The lesson we are to draw from the whole is that where a majority are united by a common sentiment, and have an opportunity, the rights of the minor party become insecure. In a Republican Government, the majority if united have always an opportunity. The only remedy is to enlarge the sphere, and thereby divide the community into so great a number of interests and parties, that in the first place a majority will not be likely at the same moment to have a common interest separate from that of the whole or of the minority; and in the second place that in case they should have such an interest, they may not be apt to unite in the pursuit of it.

This is one of the few times when Madison was dead wrong. He did not envision the 'common interest' of controlling the national legislature as something parties might desire. You don't need nation-spanning cable TV networks to form a national party. In fact, Madison was ignoring the nation's recent history. Had the United States not just won a war against Britain that was begun because small groups of like-minded patriots were able to organize all across the continent?

Another problem is that the House has the power to tell the states how they are to handle elections - though they were never supposed to use it except in extraordinary circumstances. Article I, Section 4 of the Constitution states:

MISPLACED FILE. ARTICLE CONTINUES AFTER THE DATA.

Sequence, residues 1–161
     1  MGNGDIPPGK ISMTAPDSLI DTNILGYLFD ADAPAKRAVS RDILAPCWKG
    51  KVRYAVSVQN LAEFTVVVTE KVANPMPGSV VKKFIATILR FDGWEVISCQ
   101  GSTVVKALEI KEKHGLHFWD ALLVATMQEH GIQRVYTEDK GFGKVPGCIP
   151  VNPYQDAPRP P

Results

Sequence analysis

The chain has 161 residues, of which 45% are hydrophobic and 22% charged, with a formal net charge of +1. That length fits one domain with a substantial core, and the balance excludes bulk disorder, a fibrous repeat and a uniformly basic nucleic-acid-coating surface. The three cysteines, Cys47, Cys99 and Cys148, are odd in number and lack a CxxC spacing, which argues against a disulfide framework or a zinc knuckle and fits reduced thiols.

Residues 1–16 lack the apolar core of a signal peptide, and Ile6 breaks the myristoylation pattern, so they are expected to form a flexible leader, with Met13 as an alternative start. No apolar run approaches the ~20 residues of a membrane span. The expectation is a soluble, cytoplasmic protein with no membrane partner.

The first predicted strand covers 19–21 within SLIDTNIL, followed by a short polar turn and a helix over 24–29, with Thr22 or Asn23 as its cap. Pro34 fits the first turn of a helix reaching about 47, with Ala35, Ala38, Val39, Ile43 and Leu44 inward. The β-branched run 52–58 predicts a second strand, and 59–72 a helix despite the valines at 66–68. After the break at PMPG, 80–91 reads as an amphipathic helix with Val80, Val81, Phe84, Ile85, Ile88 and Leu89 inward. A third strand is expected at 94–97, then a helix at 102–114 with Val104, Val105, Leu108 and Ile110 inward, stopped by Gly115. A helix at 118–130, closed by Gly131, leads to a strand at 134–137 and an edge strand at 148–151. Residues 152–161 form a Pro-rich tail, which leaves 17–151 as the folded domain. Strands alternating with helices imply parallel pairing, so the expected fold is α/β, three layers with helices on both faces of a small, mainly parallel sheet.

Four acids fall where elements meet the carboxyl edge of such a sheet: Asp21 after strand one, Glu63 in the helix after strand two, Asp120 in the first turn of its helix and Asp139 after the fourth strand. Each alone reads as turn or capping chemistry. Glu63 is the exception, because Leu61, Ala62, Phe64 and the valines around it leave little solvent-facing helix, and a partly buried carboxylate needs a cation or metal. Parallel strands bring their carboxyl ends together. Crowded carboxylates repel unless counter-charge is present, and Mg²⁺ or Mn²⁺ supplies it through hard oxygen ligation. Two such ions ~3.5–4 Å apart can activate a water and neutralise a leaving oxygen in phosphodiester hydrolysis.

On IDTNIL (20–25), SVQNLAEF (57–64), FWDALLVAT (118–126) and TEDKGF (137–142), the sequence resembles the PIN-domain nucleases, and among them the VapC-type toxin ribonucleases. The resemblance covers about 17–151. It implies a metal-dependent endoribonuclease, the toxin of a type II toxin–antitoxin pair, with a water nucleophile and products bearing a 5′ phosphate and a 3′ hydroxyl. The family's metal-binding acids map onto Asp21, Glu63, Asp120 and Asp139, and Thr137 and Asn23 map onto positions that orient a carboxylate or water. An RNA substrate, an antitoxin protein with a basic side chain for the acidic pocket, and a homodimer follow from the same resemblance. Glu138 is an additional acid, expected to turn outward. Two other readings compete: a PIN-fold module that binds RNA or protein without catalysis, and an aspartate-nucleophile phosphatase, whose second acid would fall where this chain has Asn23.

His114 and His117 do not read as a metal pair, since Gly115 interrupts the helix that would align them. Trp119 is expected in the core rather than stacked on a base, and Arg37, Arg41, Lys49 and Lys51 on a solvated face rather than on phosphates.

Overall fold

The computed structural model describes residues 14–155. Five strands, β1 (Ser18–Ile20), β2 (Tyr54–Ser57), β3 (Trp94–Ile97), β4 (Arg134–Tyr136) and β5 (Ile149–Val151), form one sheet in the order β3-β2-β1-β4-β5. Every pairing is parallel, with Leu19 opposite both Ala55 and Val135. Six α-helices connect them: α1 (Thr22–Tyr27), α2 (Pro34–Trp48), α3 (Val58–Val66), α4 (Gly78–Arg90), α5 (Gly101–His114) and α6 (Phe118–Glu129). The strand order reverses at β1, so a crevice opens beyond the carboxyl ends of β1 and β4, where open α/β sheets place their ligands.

The times, places and manner of holding elections for Senators and Representatives, shall be prescribed in each state by the legislature thereof; but the Congress may at any time by law make or alter such regulations, except as to the places of choosing Senators.

This really is the key phrase of the Constitution where the redistricting process is concerned. The Constitution gave the state legislatures the power to choose how their Representatives would be chosen, but then gave Congress the power to pass laws to override the states' plans. And override them they did. Apportionment Acts began as early as 1790. (In fact, the Apportionment Act of 1790 was the first bill to be hit with a Presidential veto.)

According to Alexander Hamilton In The Federalist Papers, #52, the goal of the construction within the Constitution was to give the power of selection to the states, with the national government given power to overrule the states in those cases where their method of selection was harmful to the Republic.

A discretionary power over elections ought to exist somewhere. It will, I presume, be as readily conceded, that there were only three ways in which this power could have been reasonably modified and disposed: that it must either have been lodged wholly in the national legislature, or wholly in the State legislatures, or primarily in the latter and ultimately in the former. The last mode has, with reason, been preferred by the convention. They have submitted the regulation of elections for the federal government, in the first instance, to the local administrations; which, in ordinary cases, and when no improper views prevail, may be both more convenient and more satisfactory; but they have reserved to the national authority a right to interpose, whenever extraordinary circumstances might render that interposition necessary to its safety.
According to Madison's notes on the Constitutional Convention, the only reason that the House was given any power at all over the methods by which the election would be conducted was to prevent abuse that might arise should the state decide to choose Representatives in some way that violated the will of the people. Madison himself said: